Privet aphid

Privet aphid can cause leaf curling and distortion on privet (Ligustrum), this is usually of little concern.

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Privet aphid (<EM>Myzus ligustri</EM>) on Privet (<EM>Ligustrum</EM>))
Privet aphid (Myzus ligustri) on Privet (Ligustrum))

Quick facts

Common name Privet aphid
Latin name Myzus ligustri
Plants affected Privet (Ligustrum)
Main symptoms Leaf curling and distortion
Caused by Sap-sucking aphids 
Timing Spring-summer

What is privet aphid?

The privet aphid is a small (1.5mm) greenish yellow aphid that only feeds on privet (Ligustrum)
Aphids are sap-sucking true bugs and are an important part of many food chains, supporting many predators. They range in size from 1 to 7mm (¼in or less) long. Some aphids are known as greenfly or blackfly, but there are species that are yellow, pink, white or mottled.  There are more than 500 aphid species in Britain. Some feed on only one or two plant species, but others can be found on a wide range of plant hosts. Almost any plant can be affected, including ornamentals, vegetables, fruits, greenhouse plants and houseplants.


Privet aphid is active during the spring and early summer, when its sap-feeding activities cause the leaves to yellow and curl. Damage is typically minor and can be tolerated. Plants usually make a recovery later in the summer when the aphids are no longer active on the plant.


While the damage privet aphid causes can be unsightly, damage is often minor, plants normally recover and may not be affected every year and so control is often unnecessary.  

Check privet frequently from spring onwards so action can be taken before a damaging population has developed.

Non-pesticide control

  • Where possible tolerate populations of aphids, they form an important part of many food chains and can be part of a healthy garden ecosystem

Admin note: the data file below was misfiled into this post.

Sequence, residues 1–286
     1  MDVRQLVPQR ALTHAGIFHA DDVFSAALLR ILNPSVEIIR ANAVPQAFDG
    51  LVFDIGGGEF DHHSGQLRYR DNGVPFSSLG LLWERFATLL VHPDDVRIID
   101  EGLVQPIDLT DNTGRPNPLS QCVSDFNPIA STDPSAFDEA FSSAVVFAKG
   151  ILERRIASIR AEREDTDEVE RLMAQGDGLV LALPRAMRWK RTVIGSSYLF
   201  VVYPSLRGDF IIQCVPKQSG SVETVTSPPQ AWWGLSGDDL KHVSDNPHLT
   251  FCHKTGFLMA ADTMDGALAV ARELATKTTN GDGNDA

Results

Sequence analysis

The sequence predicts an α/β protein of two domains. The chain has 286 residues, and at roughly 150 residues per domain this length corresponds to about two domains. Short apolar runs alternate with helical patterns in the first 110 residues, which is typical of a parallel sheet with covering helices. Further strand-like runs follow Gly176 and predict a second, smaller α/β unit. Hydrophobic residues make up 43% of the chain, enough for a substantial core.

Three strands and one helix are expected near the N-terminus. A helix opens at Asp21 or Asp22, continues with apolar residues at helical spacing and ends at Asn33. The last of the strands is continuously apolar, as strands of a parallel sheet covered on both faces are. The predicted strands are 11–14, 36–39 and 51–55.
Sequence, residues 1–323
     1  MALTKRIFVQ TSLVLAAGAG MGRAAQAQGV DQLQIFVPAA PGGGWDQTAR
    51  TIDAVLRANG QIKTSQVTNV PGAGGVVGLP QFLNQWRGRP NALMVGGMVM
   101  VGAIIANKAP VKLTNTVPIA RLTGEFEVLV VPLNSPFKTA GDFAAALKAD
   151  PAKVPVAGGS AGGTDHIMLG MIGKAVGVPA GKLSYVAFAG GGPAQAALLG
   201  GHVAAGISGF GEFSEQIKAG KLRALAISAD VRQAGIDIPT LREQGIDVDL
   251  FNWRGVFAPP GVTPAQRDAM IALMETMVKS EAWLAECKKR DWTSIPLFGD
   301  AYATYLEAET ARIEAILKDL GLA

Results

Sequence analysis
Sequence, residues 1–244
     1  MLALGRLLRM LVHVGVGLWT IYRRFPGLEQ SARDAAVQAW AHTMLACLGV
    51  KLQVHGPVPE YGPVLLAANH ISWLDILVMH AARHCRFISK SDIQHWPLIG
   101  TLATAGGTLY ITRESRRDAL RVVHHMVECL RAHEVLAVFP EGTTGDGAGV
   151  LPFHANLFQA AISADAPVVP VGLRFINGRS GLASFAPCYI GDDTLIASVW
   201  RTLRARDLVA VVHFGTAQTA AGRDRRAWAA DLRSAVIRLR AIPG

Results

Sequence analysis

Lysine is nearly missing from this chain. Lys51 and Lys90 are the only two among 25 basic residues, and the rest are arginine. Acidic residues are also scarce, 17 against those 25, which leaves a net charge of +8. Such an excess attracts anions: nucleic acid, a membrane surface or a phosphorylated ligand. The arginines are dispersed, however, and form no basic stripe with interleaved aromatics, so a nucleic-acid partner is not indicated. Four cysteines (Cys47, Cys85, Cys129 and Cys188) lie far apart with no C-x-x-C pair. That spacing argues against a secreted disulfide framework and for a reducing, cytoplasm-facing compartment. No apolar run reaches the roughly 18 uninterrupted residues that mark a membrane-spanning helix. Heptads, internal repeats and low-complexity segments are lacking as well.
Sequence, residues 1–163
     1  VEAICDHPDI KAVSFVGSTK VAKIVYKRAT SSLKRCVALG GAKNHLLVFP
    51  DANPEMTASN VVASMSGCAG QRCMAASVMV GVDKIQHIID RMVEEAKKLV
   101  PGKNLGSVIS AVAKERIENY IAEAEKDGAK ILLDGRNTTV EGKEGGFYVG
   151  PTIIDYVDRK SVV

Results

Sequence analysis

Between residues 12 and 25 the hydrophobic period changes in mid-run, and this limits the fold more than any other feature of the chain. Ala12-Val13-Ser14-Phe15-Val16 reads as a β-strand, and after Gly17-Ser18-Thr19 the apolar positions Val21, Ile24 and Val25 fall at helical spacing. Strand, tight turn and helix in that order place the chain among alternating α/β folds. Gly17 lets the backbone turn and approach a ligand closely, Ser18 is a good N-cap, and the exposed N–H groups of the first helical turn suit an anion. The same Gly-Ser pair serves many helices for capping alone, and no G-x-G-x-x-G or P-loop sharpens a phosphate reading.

• Use finger and thumb to squash aphid colonies where practical
  • Encourage aphid predators in the garden, such as ladybirds, ground beetles, hoverflies, parasitoid wasps and earwigs. Be aware that in spring aphid populations often build up before natural enemies are active in sufficient numbers and then give good control

Pesticide control

The RHS believes that avoiding pests, diseases and weeds by good practice in cultivation methods, cultivar selection, garden hygiene and encouraging or introducing natural enemies, should be the first line of control. If chemical controls are used, they should be used only in a minimal and highly targeted manner.

On long dense hedges treatment with pesticides is often impractical.

  • Privet aphid can be accepted as part of the biodiversity the plants support, pesticide controls should be avoided but are available and listed under the general aphids profile.
Follow label instructions when using pesticides
Plants in flower should not be sprayed due to the danger to bees and other pollinating insects
Inclusion of a pesticide product does not indicate a recommendation or endorsement by RHS Gardening Advice. It is a list of products currently available to the home gardener


Pesticides for gardeners  (pdf document)


Privet aphid, Myzus ligustri is found throughout the year on privet (Ligustrum species). Sexual forms are produced in November and lay eggs. The eggs hatch in spring and colonies develop on the leaves, reaching a peak in midsummer.

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